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Barpeta Sattra


 Barpeta Sattra

                                                Firm footing of a hallowed legacy

          After wandering for years Srimanta Sankardeva settled sometime in 1549 AD at the present day Barpeta for a period of eighteen years. This was a fairly stable period for the great saint and his apostles and the Mahapursushia ideology spread far and wide during this period. The organizational structure of the newly enunciated ideology began to take strong   footing around this period when many gifted, devoted and organizationally skillful devotees got together around the great saint.   This period also witnessed intense transliteration and creative composition of songs, dances and dramas. This is also the period when Sankardeva streamlined the new humanist bhakti faith through a systematic exposition and propagation of it.

          Madhavdeva, who settled at Ganak-kuci after his mentor left for his heavenly abode, came back to Patbaushi for a year, where the widow of Sankardeva with her two grand children were living in hardship. Later he stayed at Sundaridiya for fourteen years. Though the ‘Kathaguru Carit’ indicates that he left Sundaridiya for ill-treatment meted-out to one of the fellow disciples by some local people, yet it is understood that his mission of furthering the faith in a more organized manner in a pristine environment appears to have been the real reason for his departure for Barpeta. As per ‘Bardowa Gurucarit’ the immortal verse and song (bargeet) Alo Bhai, Calo aisho jao Vrindabane ……..’(Come one, come all – we move to Vrindaban) ---  thus equating Barpeta with Vrindaban – the abode of Lord Krishna, his deity, was composed by the saint on way to Barpeta.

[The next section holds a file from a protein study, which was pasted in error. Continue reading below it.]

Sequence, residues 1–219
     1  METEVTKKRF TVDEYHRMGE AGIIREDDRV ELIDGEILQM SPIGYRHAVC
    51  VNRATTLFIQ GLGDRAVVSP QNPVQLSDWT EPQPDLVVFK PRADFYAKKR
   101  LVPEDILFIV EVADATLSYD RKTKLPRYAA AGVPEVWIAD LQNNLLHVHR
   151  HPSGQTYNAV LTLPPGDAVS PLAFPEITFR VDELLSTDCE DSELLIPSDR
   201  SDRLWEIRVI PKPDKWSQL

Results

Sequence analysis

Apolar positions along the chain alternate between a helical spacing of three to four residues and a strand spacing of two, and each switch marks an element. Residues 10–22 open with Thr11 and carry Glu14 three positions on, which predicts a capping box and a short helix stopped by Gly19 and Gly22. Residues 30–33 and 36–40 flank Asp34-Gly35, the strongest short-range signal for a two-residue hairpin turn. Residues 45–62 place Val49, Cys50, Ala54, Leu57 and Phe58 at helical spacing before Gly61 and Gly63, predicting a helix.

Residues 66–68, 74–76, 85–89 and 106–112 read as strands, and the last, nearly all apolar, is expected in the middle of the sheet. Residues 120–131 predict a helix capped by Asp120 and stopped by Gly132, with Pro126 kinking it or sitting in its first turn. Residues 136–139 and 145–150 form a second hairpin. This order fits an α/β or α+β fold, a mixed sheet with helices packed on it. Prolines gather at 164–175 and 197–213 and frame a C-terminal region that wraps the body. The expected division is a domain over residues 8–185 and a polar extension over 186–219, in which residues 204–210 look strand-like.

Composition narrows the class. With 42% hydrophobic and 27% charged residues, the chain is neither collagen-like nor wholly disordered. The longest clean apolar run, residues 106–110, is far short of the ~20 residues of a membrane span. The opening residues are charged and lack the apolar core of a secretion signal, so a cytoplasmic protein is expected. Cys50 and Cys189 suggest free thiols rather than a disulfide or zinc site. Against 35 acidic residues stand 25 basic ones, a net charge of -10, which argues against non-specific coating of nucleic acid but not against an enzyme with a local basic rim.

It was in Barpeta where the talented disciples like Narain Das Thakur Ata, Mathura Das bura Ata, Gopal Ata under the guidance of the ‘chosen one’, Madhavdeva set up slowly all the essential aspects of the sattra institution and thus came into being the Barpeta Sattra in the year 1583 AD. He succeeded in attracting a large no of people towards the new faith. He first envisaged the ‘Hari Mandir’ to be designed in a manner so as to be the epicenter of godliness beyond desire (‘Niskam Bhakti’)as well as for the pursuit of aesthetics in its music, literature and cultural performances, acceptable to both the slowly growing connoisseurs and the masses.
          During a visit to the sattra, the bura sattirya, (the nomen-clature in vogue in Barpeta Sattra for Sattradhikar) flanked by the newly elected Deka sattriya and other sattra officials showed us around the campus of the sattra. The intimidating power of the sheer structure resplendent with rich legacy can make anyone swim back on the history as detailed in the Guru Carit. Sattriya BasisthaDeva Sarma arranged our sitting and we engaged in an intimate conversation on the history and evolution of the sattra.
         ‘The old Ramcandra, better known as Ram Ladua bura owned a large area of unused jungle. The Guru had asked him if he could donate the land for construction of the abode of God (Harigriha) as the old man had no issue to inherit his property. The old man hesitated. The Guru then composed and sang a verse.
bura bhai, Harir gun gai nasa – kundina dholi sharir paraya, aar ki baat sai asa?”